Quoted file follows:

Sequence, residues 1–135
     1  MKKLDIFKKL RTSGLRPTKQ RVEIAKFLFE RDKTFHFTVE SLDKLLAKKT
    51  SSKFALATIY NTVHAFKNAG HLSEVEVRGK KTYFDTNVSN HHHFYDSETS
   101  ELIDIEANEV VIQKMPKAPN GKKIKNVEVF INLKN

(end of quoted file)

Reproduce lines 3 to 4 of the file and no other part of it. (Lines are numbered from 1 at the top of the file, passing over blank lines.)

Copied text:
    51  SSKFALATIY NTVHAFKNAG HLSEVEVRGK KTYFDTNVSN HHHFYDSETS
   101  ELIDIEANEV VIQKMPKAPN GKKIKNVEVF INLKN